WASHINGTON — US Bancorp and a partner company will repay about $6.5 million to resolve Consumer Financial Protection Bureau claims that they misled military-service members who participated in an auto lending program.
The two companies ''failed to properly disclose costs associated with repaying auto loans'' made to service members under US Bancorp's Military Installment Loans and Educational Services program, bureau director Richard Cordray said Thursday.
The Miles program allows young service members with minimal credit history to finance auto purchases, with repayment debited from paychecks through the military's allotment system.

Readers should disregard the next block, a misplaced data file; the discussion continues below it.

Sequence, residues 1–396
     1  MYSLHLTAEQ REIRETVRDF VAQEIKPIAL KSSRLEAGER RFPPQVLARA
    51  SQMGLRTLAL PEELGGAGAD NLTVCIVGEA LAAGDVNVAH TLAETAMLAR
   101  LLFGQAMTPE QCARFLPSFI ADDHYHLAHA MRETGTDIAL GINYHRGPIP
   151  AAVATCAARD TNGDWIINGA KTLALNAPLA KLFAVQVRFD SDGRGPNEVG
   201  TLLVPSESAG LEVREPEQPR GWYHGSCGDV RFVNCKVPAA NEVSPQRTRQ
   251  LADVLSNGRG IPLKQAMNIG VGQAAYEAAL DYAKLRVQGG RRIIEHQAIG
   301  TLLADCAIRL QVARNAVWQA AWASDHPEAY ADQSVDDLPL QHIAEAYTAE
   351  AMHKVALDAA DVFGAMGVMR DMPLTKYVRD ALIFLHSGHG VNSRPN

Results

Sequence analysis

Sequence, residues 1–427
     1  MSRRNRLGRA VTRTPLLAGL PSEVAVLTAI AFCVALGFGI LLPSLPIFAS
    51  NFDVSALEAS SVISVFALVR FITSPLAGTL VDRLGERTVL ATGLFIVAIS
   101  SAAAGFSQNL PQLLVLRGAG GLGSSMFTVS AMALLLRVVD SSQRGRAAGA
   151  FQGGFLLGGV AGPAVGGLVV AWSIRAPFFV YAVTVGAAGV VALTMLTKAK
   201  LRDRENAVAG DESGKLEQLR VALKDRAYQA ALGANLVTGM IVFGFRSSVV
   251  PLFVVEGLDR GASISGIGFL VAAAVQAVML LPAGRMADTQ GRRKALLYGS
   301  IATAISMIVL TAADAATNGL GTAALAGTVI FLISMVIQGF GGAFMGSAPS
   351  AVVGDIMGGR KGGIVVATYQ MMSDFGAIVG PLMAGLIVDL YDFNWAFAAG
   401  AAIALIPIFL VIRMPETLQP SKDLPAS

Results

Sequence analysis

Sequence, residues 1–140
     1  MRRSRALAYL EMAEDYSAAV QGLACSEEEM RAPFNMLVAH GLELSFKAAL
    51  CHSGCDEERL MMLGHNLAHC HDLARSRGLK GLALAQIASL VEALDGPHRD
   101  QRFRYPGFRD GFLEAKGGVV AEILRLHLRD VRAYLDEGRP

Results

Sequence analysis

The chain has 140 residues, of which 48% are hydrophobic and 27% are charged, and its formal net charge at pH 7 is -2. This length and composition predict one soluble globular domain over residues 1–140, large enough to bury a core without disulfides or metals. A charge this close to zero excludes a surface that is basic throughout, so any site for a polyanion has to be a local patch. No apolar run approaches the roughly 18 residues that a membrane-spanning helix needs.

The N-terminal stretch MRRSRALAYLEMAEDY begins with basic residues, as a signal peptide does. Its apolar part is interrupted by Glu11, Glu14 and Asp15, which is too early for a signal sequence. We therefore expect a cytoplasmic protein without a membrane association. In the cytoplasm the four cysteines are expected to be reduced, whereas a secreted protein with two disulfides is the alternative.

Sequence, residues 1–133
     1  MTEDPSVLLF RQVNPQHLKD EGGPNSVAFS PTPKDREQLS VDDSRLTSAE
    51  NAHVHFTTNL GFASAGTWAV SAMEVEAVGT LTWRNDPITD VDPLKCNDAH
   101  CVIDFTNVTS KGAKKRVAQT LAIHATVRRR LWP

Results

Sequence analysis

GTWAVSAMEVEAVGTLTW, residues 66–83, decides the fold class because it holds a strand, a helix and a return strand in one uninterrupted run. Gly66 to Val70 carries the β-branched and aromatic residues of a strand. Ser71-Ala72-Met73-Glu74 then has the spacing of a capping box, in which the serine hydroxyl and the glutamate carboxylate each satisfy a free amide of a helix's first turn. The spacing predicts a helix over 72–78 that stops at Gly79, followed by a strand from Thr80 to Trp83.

US Bancorp will reimburse customers $3.2 million, while its partner, Dealers' Financial Services, will pay $3.3 million. The money will go to more than 50,000 service members, providing an average reimbursement of less than $130 per customer, the bureau said.
The bank failed to properly disclose a fee that resulted in paying an additional $180 over the life of a 60-month loan, the bureau said. DFS understated the costs of a vehicle service contract and insurance sold with the loans, both of which raised costs, the agency said.
Tom Joyce, a spokesman for US Bancorp, said the bank will end its program, while noting that it wasn't fined by CFPB. ''At US Bank, we have high expectations for ourselves and our company's product offerings, and we apologize for any confusion this program may have caused our customers.''
DFC Global Corp., the parent company of DFS, said it cooperated with the investigation and would seek new lender partners now that US Bank is exiting the program.